Daytona Beach in Volusia County, Florida — The American South (South Atlantic)
Jackie Robinson Ballpark
the first racially integrated professional
baseball game in modern history
March 17, 1946
Jackie Roosevelt Robinson, a member of the International League’s Montreal Royals, integrated professional baseball by playing in a spring training exhibition game between the Royals and the Brooklyn Dodgers on March 17, 1946.
Robinson’ s appearance marked the first time an African American player in the International League since 1889, and the first time an African American played along side whites in a professional baseball game since the 1890s.
Dated this 17th day of March, 1996
Marker placed by
City of Daytona Beach
Baron H. “Bud” Asher
Christine Travis • George Burden
Tracey Remark • Yvonne Scarlet-Golden
Darrell P. Hunter • Charles W. Cherry, Sr.
Carey F. Smith
Erected 1996 by Historic Preservation Board.
Location. 29° 12.553′ N, 81° 0.961′ W. Marker is in Daytona Beach, Florida, in Volusia County. Marker can be reached from East Orange Avenue 0.1 miles east of South Beach Street, on the left when traveling east. Touch for map
Other nearby markers. At least 8 other markers are within walking distance of this marker. Jack Roosevelt “Jackie” Robinson (a few steps from this marker); Jackie Robinson (within shouting distance of this marker); Althea Gibson (within shouting distance of this marker); Roberto Clemente (within shouting distance of this marker); Willie O’Ree (within shouting distance of this marker); Jackie Robinson Ballpark & Museum (within shouting distance of this marker); "Historic Jim Crow Section" (within shouting distance of this marker); A Gifted Athlete (within shouting distance of this marker). Touch for a list and map of all markers in Daytona Beach.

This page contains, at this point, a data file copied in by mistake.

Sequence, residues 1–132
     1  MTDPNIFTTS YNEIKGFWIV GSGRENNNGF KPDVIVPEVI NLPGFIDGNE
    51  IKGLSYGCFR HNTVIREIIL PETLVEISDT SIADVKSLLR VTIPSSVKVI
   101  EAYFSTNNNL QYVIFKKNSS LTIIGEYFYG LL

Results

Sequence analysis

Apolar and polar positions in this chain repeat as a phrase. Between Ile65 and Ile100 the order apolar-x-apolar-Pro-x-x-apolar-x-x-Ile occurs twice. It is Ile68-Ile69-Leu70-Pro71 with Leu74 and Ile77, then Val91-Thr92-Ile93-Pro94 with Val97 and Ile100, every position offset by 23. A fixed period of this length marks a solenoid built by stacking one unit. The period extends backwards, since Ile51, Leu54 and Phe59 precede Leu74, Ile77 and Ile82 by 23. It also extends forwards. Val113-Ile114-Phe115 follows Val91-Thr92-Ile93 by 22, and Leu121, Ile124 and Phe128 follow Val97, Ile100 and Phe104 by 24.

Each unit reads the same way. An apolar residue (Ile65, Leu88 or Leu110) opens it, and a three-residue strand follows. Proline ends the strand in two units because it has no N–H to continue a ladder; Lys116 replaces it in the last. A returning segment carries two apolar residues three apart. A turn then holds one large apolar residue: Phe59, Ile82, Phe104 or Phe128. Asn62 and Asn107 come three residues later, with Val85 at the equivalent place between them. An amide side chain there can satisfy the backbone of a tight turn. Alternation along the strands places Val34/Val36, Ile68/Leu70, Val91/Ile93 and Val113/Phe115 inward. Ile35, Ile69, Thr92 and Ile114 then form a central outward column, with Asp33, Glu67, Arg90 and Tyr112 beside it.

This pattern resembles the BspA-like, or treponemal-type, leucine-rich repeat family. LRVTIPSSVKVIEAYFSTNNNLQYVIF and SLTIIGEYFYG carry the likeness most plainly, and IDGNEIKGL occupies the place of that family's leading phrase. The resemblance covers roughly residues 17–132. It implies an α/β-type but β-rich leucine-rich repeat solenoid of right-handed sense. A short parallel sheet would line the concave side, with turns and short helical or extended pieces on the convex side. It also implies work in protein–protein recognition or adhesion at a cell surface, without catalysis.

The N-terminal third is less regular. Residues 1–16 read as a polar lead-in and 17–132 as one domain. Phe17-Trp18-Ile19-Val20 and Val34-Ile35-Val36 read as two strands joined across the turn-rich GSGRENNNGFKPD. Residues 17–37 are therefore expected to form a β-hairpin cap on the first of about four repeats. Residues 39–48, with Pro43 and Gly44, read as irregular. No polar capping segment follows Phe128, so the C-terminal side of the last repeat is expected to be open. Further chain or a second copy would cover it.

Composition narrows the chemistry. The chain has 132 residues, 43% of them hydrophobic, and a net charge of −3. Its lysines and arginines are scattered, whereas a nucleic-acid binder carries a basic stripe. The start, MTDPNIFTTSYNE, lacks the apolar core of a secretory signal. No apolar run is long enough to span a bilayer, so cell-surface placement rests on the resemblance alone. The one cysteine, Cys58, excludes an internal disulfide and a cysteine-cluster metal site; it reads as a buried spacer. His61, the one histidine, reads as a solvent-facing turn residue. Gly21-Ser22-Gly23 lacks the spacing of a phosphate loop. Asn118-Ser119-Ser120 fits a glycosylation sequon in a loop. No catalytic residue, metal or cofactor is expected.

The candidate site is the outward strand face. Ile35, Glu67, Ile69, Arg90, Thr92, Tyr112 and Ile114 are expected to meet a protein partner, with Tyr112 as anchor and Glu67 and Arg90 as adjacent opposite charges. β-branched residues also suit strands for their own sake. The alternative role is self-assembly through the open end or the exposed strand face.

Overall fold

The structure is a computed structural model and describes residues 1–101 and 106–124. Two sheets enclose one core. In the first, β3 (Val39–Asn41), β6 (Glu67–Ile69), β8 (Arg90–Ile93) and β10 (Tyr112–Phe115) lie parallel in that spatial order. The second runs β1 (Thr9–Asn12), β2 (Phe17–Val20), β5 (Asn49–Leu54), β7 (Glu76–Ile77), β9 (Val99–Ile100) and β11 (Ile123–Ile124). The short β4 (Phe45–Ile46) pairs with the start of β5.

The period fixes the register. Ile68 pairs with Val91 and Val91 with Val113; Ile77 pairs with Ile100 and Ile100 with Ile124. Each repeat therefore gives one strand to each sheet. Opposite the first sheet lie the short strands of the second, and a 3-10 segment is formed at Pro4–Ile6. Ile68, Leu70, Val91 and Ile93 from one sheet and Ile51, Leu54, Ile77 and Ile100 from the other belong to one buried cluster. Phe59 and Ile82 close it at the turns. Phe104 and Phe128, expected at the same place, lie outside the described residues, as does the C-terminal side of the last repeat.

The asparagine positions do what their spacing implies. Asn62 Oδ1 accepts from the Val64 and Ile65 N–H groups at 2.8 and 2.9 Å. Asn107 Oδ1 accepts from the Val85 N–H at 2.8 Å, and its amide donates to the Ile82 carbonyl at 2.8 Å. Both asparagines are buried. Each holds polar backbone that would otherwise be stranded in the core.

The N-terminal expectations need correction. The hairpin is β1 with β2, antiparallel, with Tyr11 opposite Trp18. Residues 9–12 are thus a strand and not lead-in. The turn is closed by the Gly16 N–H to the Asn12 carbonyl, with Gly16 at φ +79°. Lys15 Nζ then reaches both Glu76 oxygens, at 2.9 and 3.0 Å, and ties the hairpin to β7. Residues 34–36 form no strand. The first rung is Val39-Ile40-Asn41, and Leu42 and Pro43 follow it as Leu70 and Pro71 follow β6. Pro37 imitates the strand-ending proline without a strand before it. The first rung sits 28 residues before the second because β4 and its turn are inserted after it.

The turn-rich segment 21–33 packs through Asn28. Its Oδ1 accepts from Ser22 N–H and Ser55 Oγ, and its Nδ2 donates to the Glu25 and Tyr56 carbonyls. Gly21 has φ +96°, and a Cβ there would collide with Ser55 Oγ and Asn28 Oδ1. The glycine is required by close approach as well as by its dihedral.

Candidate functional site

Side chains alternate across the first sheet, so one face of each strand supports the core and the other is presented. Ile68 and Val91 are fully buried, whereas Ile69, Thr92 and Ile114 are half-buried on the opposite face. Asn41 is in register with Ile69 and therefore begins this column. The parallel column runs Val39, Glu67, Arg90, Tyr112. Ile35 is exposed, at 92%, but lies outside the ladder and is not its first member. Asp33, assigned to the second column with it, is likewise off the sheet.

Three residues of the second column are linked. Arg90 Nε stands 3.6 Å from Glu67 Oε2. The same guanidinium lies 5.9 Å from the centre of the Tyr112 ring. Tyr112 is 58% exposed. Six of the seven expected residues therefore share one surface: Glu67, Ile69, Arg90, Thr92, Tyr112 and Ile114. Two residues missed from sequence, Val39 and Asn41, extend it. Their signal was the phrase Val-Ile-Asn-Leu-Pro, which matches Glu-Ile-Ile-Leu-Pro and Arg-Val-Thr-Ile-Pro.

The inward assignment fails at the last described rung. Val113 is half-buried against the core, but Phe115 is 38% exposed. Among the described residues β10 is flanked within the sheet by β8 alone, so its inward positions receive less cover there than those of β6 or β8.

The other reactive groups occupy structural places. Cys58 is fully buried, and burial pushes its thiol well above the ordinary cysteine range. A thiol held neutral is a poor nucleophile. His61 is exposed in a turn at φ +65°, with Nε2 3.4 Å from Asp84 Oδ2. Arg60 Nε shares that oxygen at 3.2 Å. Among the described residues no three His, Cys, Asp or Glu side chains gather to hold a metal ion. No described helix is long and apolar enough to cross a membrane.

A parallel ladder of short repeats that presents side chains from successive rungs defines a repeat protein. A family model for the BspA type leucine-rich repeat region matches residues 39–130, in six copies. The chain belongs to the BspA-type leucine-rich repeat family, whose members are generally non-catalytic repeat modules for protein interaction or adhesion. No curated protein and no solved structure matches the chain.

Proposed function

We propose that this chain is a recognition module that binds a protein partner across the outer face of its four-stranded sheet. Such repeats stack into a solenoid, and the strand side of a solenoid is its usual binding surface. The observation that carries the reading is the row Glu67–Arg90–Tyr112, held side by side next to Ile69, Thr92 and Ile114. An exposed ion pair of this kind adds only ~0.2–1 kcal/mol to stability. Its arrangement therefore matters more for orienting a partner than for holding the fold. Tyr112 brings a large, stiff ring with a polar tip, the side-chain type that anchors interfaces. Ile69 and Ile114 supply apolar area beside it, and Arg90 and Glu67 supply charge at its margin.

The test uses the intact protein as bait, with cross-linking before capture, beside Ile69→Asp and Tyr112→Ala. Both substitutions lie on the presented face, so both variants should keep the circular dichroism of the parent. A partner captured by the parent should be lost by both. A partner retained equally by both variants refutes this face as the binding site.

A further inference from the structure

Regarding Jackie Robinson Ballpark. This Daytona Beach Ballpark is named in honor of famed major league baseball player Jackie Robinson. In 1946, Daytona Beach was the only city along the spring season circuit to allow Robinson to play. This event helped Robinson to eventually brake the color barrier in major league baseball. On October 22, 1998, this stadium was added to the United States National Register of Historic Places.
Categories. • African Americans • Civil Rights • Sports •
Credits. This page was last revised on August 14, 2017. This page originally submitted on July 17, 2017, by Brandon D Cross of Flagler Beach, Florida. This page has been viewed 71 times since then and 17 times this year. Photos: 1, 2, 3, 4, 5, 6. submitted on July 17, 2017, by Brandon D Cross of Flagler Beach, Florida. • Bernard Fisher was the editor who published this page.